Knowing your baby’s movements
Your baby’s movements are a sign that they are well. When a baby is unwell or not receiving enough oxygen or nutrients, they move less to conserve their energy.
Being aware of their pattern of movement allows you to be aware and act if movements change in any way. Going to the hospital in time is important to make a difference.
A slow down of movement was reported by the mother in around half of the stillbirths.
Read all about babies' movements and how to keep track of them
Going to sleep on your side
Research has shown that in the third trimester (after 28 weeks of pregnancy) going to sleep on your back increases your risk of stillbirth. As the link has now been shown in four separate research trials, our advice is to go to sleep on your side in the third trimester because it is safer for your baby. The advice is the same for any type of sleep, including:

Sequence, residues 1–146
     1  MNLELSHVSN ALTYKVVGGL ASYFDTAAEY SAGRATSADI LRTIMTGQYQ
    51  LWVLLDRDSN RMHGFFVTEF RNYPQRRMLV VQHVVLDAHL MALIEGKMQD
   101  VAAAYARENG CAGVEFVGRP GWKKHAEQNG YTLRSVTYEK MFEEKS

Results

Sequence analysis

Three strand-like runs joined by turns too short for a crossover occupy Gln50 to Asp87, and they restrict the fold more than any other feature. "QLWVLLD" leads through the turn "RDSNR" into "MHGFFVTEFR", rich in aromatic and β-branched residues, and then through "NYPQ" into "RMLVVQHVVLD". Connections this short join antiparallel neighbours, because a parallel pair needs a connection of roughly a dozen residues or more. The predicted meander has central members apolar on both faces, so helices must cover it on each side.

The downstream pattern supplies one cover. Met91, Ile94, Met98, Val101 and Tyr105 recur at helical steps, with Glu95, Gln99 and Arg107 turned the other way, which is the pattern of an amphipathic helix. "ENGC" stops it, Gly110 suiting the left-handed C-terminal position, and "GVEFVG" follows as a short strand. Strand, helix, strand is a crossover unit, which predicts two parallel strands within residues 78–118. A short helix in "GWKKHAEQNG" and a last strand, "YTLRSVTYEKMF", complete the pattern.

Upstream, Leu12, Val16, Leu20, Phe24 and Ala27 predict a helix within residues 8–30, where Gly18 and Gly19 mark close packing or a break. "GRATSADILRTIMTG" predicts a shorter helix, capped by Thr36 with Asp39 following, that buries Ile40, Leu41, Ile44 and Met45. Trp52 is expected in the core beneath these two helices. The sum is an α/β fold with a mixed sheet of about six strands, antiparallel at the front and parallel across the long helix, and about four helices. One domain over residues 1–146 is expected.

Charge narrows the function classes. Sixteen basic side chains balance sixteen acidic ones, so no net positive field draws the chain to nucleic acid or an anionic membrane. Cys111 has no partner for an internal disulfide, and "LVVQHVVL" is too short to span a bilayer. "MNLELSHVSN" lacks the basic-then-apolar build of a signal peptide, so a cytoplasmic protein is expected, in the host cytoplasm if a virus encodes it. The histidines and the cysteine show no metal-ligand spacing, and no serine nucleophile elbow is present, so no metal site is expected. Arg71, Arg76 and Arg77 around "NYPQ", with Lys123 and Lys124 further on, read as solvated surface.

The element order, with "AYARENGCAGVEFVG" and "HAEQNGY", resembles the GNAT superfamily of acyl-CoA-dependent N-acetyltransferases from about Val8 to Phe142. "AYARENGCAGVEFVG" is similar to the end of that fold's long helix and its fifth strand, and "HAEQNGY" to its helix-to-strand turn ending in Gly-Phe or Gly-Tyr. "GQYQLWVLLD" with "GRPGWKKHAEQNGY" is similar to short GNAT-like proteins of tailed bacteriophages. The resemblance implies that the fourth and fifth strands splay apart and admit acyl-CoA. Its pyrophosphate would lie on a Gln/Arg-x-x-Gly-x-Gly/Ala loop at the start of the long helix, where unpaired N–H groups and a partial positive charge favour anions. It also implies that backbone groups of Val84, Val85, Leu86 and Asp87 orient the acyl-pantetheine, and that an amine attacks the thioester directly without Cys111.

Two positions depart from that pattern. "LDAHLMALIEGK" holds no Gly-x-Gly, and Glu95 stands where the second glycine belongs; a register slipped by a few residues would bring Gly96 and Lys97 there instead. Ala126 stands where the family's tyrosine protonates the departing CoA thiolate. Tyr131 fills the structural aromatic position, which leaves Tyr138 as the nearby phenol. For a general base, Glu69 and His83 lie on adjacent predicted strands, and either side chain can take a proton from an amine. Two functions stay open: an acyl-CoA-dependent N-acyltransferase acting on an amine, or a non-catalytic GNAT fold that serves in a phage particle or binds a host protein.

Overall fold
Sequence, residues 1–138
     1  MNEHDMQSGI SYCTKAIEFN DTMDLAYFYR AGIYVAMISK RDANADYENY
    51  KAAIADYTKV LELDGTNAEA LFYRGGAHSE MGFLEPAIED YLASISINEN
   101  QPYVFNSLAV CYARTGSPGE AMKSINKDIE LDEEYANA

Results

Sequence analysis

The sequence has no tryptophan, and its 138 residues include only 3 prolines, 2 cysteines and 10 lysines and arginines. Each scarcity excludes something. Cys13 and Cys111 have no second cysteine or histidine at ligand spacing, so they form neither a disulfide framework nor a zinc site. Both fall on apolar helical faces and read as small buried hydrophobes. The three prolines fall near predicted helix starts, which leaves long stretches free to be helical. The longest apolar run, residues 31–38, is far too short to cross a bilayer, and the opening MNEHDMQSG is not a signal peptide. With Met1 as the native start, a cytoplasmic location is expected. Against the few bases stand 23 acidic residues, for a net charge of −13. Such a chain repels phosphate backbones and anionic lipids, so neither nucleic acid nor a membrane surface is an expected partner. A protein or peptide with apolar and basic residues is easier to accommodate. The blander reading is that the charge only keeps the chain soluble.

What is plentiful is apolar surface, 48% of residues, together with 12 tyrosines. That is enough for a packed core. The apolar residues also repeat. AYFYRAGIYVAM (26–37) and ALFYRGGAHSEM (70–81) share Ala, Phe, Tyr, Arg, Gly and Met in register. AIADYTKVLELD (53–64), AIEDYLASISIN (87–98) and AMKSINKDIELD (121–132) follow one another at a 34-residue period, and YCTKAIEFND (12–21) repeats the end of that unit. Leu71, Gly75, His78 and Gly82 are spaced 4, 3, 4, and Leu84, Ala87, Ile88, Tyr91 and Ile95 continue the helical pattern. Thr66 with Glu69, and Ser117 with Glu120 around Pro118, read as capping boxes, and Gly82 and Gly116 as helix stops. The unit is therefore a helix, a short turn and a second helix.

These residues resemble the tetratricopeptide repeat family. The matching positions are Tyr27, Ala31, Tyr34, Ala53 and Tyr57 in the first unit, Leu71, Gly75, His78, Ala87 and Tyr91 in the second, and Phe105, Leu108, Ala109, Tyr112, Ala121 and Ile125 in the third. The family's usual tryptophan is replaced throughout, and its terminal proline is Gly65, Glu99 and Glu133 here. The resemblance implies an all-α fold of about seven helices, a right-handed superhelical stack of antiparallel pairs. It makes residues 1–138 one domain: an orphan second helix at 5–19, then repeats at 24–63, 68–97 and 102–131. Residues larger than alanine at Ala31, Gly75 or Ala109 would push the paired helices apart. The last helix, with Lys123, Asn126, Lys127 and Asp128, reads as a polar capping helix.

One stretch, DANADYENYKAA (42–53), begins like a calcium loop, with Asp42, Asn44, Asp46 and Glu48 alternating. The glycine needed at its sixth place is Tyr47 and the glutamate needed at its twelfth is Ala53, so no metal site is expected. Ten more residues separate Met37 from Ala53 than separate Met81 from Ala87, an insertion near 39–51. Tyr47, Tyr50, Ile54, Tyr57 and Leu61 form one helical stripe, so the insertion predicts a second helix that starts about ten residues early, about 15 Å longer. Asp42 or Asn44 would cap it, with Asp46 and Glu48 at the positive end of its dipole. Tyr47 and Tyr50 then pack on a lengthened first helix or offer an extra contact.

- going to sleep at night
- returning to sleep after any night wakenings
- day time naps.
Sleep position in the third trimester is important because if you are on your back the combined weight of the baby and womb puts pressure on other organs in your body.
Researchers do not know for certain what exactly is causing the increased risk of stillbirth, but we already know the following, which could play a part:
- When sleeping/lying on your back the baby and womb put pressure on the main blood vessels that supply the uterus and this can restrict blood flow/oxygen to the baby.
- Further recent studies have shown that when a woman lies on her back in late pregnancy (compared to lying on her side) the baby is less active and has changes in heart-rate patterns. This is thought to be due to lower oxygen levels in the baby when the mother lies on her back.
Read our Q&A about sleep position and stillbirth risk here.
Other things you can do to keep your baby safe